20 Dec Burping, Hiccups and Spitting Up Basics
As every new parent will find out, a large part of taking care of newborns has to do with managing their bodily functions. Babies burp, hiccup and spit up a lot, and most of these functions are very normal. However, it doesn’t mean they can’t cause some concerns among new parents—especially because these all tend to happen around feedings. It can cause any parent to question whether or not they are doing things the right way.
To ease your mind, here are a few basics about bodily functions that can help you determine what is normal, how to handle these reactions and what they all mean.
Most parents know that you need to help your baby burp. This is because babies can get cranky and fussy when they swallow too much air during feedings. This happens both with breast and bottle-fed babies.
If your baby is fussing while they are being fed, it is typically best to stop the feeding all together. If they are fussing and eating at the same time, they will only swallow more air and make the discomfort worse.
The best approach is to burp babies frequently, even when they aren’t experiencing discomfort. This means burping after every 2-3 ounces during bottle feeding and whenever the baby switches breasts during nursing.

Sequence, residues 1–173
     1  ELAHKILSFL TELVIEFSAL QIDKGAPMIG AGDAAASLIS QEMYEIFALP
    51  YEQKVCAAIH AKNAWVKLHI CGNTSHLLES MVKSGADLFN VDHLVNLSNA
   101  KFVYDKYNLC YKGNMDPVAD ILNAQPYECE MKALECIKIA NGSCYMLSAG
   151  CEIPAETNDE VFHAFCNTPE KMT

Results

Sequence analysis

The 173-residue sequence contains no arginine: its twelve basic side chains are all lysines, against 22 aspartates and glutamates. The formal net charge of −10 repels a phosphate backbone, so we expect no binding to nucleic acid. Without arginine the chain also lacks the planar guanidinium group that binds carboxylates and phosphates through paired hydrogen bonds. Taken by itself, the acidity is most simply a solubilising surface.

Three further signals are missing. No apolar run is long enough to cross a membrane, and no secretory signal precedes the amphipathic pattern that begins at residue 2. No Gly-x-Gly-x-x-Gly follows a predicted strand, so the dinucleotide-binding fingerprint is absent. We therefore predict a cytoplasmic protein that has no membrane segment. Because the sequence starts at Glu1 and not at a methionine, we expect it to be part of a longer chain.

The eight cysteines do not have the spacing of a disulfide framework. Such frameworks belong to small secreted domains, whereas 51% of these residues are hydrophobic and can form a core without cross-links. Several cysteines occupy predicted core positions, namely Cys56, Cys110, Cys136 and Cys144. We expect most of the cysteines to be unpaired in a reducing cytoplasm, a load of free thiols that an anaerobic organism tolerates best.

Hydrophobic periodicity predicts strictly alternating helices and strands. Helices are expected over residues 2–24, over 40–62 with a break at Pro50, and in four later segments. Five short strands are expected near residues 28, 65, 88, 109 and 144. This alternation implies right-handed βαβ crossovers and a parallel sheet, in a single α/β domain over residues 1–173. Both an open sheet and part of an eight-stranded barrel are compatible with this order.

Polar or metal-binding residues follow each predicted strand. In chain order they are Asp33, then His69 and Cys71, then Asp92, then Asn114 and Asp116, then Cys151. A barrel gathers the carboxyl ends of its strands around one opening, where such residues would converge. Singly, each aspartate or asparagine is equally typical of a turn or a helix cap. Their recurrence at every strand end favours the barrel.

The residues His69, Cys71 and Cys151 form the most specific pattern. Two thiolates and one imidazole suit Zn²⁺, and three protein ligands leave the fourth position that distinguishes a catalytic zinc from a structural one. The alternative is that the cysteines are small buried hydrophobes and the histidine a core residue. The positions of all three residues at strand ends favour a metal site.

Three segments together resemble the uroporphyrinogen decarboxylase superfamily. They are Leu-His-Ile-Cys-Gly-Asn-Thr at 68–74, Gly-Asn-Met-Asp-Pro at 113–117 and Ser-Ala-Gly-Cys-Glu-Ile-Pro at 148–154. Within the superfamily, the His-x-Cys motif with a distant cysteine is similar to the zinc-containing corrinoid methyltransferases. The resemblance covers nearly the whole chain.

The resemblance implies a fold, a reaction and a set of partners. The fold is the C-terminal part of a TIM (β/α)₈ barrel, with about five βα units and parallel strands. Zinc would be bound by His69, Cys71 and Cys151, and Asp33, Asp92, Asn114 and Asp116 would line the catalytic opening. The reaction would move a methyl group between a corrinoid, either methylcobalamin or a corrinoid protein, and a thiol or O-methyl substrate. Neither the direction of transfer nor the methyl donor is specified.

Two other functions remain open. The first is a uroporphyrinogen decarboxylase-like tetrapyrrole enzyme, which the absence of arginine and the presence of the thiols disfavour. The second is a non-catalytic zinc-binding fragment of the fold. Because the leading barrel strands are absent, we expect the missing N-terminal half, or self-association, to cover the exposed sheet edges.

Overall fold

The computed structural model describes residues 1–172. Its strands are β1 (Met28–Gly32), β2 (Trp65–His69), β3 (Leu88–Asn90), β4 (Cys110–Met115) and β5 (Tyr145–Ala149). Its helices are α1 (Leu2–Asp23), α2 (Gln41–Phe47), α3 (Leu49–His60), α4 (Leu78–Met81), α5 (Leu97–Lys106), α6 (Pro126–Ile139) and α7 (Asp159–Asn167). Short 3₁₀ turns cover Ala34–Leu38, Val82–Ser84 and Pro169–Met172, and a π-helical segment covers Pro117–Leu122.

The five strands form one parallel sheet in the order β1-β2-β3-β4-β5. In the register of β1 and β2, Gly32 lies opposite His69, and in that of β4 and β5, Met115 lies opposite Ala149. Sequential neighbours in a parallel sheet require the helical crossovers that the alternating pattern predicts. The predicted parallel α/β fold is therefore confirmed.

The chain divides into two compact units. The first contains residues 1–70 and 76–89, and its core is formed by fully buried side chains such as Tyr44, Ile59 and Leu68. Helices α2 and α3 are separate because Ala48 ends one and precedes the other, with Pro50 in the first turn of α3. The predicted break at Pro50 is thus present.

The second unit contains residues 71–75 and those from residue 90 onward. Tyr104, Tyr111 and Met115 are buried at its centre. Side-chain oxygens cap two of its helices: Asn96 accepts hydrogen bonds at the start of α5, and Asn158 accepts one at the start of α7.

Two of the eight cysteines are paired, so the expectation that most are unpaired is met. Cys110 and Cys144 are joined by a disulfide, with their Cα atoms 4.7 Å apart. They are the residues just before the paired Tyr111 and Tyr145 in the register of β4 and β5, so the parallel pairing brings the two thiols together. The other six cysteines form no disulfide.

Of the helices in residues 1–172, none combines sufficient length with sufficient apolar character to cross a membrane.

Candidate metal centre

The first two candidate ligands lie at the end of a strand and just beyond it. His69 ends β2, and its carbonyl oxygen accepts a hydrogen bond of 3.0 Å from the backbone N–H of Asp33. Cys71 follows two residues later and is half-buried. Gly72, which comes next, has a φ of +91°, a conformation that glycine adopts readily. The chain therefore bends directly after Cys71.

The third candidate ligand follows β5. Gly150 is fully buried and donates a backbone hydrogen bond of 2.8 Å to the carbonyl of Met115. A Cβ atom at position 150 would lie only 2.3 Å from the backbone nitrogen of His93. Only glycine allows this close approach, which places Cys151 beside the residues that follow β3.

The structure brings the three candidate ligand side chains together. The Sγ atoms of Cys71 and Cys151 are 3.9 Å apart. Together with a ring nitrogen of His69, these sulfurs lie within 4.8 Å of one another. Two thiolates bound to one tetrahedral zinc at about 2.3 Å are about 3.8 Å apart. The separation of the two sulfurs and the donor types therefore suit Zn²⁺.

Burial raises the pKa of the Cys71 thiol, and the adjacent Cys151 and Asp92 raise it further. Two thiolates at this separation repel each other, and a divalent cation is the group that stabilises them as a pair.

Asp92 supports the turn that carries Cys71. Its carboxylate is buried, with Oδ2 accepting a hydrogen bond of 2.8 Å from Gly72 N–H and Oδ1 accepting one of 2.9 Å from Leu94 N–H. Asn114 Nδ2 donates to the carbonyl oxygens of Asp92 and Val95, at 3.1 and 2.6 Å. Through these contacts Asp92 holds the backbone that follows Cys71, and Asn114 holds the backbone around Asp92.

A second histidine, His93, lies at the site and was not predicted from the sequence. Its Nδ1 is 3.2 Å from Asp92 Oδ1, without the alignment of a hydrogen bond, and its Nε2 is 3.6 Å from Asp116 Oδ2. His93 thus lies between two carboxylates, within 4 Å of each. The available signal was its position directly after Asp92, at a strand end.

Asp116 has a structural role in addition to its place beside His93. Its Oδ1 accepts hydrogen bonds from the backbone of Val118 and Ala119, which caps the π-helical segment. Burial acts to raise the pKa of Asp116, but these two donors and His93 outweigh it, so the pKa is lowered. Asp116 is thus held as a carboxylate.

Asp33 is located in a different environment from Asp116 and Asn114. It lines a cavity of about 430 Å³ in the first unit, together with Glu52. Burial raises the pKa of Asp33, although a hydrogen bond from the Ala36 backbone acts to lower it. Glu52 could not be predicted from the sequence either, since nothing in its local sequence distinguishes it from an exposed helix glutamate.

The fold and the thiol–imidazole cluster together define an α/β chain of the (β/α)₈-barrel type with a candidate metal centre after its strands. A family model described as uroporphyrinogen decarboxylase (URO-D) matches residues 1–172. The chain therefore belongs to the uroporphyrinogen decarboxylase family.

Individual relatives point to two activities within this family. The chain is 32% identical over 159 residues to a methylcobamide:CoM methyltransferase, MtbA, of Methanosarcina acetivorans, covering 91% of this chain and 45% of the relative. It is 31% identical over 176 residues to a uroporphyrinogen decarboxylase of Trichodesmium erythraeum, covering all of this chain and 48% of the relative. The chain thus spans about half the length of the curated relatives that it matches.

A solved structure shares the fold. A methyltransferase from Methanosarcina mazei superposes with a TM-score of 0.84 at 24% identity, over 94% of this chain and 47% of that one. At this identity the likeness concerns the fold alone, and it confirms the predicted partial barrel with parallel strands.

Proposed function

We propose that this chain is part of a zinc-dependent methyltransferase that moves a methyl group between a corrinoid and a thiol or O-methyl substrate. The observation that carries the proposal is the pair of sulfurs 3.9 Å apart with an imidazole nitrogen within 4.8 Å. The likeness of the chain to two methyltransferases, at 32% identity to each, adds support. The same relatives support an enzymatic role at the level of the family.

Hiccups happen in babies, particularly during or after feeding. Changing positions during feeding is a great way to quell hiccups. Typically, baby hiccups disappear on their own within 5-10 minutes. Once they are gone, you can resume feeding.
If your baby tends to get hiccups all the time, try feeding your child only when they are calm and not when they are extremely hungry and fussy—it can make a great deal of difference in how often they get the hiccups.
Babies spit up when they are infants—it is just part of life. Many times, when babies spit up it is because they have eaten more than their stomach can hold. Other times, babies spit up while they are burping or drooling.
While spitting up can be messy, it isn’t really a cause for concern. Some babies spit up more than others and it is completely normal.
However, if your child is truly vomiting, then there is more cause for concern. Vomiting is forceful, it can cause great distress, and it comes in more volume than a regular spit up. Vomiting happens, but if it happens a lot, is bloody or green—then you need to consult your pediatrician.
If you have any questions about your child’s burping, hiccups or spitting up, give Continuum Pediatrics a call at 817-617-8600 to schedule an appointment today.